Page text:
In the evening, we went to a very traditional Spanish tapas bar González in Las Letras and the quality was great, as well as the wine and the service. Then we went on to watch the Champions League game between two teams in Madrid… We were so lucky to be here that particular evening! To celebrate, we had churros.

Sunday arrived way too fast. We had breakfast with pastries from the bakery downstairs and caught up on the latest Game of Thrones episode that we wanted to watch together. Priorities, right? We spent most of the day strolling through the Prado and even though this was my fourth time, I still discovered new paintings and rooms. We had dinner at 100 Montaditos, the cheap student place that I thought they should see once with some nice vegetarian options. We walked through the food market San Miguel towards Las Cabaleras, a flamenco restaurant. Such a restaurant specialised in this dance is called a tablao. From what I’ve gathered, the tablaos are fairly touristic but flamenco in itself isn’t. I’ve met numerous locals listening to flamenco, or dancing or playing it. The dancing performance is a real spectacle and it calls for a deep admiration for the performers.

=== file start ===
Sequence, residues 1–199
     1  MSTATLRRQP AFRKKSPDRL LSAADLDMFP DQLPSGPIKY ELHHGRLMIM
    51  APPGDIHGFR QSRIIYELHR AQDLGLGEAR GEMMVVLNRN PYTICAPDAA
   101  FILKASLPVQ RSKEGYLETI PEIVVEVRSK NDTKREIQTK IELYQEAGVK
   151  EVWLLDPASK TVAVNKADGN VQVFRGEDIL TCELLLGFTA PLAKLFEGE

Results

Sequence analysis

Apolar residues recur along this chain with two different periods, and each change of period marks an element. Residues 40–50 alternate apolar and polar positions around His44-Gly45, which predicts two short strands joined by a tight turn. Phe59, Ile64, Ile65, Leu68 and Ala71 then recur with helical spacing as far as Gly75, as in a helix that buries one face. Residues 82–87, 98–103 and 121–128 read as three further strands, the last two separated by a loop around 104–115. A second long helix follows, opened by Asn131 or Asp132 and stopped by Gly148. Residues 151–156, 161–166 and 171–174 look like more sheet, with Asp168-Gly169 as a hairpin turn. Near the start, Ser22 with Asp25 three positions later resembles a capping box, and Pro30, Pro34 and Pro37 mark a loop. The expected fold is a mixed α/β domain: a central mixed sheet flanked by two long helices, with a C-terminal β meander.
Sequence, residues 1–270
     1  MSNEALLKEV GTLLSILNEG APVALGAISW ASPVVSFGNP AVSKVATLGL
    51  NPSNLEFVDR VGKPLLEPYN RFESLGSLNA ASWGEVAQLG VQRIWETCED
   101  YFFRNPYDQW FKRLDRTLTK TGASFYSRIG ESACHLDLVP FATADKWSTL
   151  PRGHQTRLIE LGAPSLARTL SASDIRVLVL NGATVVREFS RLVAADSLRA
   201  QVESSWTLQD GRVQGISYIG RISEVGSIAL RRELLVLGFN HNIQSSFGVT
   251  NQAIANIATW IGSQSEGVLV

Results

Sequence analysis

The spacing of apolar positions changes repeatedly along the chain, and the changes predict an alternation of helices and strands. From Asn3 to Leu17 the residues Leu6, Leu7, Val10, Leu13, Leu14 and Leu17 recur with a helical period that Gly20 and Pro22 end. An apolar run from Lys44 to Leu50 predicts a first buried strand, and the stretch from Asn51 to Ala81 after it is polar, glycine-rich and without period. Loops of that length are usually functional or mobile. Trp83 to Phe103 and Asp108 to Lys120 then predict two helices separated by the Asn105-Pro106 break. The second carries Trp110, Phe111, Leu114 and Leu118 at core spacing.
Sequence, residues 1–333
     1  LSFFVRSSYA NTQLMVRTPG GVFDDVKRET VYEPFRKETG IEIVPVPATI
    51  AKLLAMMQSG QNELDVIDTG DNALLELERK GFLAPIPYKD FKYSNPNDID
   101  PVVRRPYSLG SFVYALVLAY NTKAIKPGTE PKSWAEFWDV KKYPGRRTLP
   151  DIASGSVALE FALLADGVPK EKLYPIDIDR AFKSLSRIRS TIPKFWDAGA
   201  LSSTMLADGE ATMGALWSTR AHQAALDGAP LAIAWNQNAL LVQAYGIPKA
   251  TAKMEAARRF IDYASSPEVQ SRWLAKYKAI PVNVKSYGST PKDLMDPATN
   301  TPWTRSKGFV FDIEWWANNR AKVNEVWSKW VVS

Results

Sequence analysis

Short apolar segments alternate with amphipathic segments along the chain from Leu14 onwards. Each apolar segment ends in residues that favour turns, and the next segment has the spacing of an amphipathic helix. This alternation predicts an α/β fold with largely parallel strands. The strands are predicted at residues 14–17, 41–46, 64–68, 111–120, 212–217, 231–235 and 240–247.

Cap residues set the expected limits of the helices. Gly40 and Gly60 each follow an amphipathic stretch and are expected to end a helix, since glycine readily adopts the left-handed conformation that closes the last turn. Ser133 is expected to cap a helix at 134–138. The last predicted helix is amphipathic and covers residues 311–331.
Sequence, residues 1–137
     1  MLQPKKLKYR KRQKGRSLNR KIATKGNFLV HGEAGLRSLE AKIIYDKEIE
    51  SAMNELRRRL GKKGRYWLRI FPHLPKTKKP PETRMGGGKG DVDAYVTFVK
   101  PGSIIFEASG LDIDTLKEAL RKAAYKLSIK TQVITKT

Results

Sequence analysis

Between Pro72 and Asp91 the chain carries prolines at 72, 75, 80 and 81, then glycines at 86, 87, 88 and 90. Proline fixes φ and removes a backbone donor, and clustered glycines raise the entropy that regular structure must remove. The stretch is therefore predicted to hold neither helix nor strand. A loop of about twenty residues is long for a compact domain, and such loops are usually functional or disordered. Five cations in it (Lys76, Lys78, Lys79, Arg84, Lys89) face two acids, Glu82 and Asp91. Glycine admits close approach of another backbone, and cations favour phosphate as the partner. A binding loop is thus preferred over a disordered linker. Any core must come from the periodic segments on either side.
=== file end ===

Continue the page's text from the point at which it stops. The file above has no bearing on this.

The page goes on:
Monday morning I sent my parents of to Lago, the lake, where they could have lunch and enjoy the Spanish weather (which is particularly cold for this time of the year, around 21 degrees), while I was off to take an exam.

Mom, dad, I had a great time and we’ll see each other in a few weeks!

P.S. The same evening my parents left, another friend came over. So keep an eye out for the next blog! 

Another trip: Valencia

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Valencia is on the east coast of Spain, south of Barcelona. As a Dutchie and Georgie as an Australian girl, we are used to beaches and we had to visit Valencia’s beach. It was a well-needed break before exams started coming up. Basically, CityLife was sold out and spontaneously we bought tickets as late as Friday to go on Sunday.